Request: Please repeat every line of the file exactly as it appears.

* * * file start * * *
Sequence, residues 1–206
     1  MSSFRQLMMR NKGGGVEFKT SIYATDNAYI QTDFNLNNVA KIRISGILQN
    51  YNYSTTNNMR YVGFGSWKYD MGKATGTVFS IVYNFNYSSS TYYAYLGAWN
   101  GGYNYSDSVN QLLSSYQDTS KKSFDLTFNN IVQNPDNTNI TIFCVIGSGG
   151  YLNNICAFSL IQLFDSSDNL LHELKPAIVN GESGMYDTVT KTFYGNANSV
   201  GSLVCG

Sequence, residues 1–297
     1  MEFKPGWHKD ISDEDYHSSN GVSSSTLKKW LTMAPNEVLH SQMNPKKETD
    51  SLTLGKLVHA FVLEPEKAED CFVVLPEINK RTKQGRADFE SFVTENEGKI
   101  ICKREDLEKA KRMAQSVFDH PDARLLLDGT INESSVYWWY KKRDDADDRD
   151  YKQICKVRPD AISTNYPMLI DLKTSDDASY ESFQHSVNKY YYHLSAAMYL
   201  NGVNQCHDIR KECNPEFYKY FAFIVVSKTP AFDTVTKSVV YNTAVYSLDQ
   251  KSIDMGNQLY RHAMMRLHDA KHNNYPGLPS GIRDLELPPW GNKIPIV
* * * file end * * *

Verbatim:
Sequence, residues 1–206
     1  MSSFRQLMMR NKGGGVEFKT SIYATDNAYI QTDFNLNNVA KIRISGILQN
    51  YNYSTTNNMR YVGFGSWKYD MGKATGTVFS IVYNFNYSSS TYYAYLGAWN
   101  GGYNYSDSVN QLLSSYQDTS KKSFDLTFNN IVQNPDNTNI TIFCVIGSGG
   151  YLNNICAFSL IQLFDSSDNL LHELKPAIVN GESGMYDTVT KTFYGNANSV
   201  GSLVCG

Sequence, residues 1–297
     1  MEFKPGWHKD ISDEDYHSSN GVSSSTLKKW LTMAPNEVLH SQMNPKKETD
    51  SLTLGKLVHA FVLEPEKAED CFVVLPEINK RTKQGRADFE SFVTENEGKI
   101  ICKREDLEKA KRMAQSVFDH PDARLLLDGT INESSVYWWY KKRDDADDRD
   151  YKQICKVRPD AISTNYPMLI DLKTSDDASY ESFQHSVNKY YYHLSAAMYL
   201  NGVNQCHDIR KECNPEFYKY FAFIVVSKTP AFDTVTKSVV YNTAVYSLDQ
   251  KSIDMGNQLY RHAMMRLHDA KHNNYPGLPS GIRDLELPPW GNKIPIV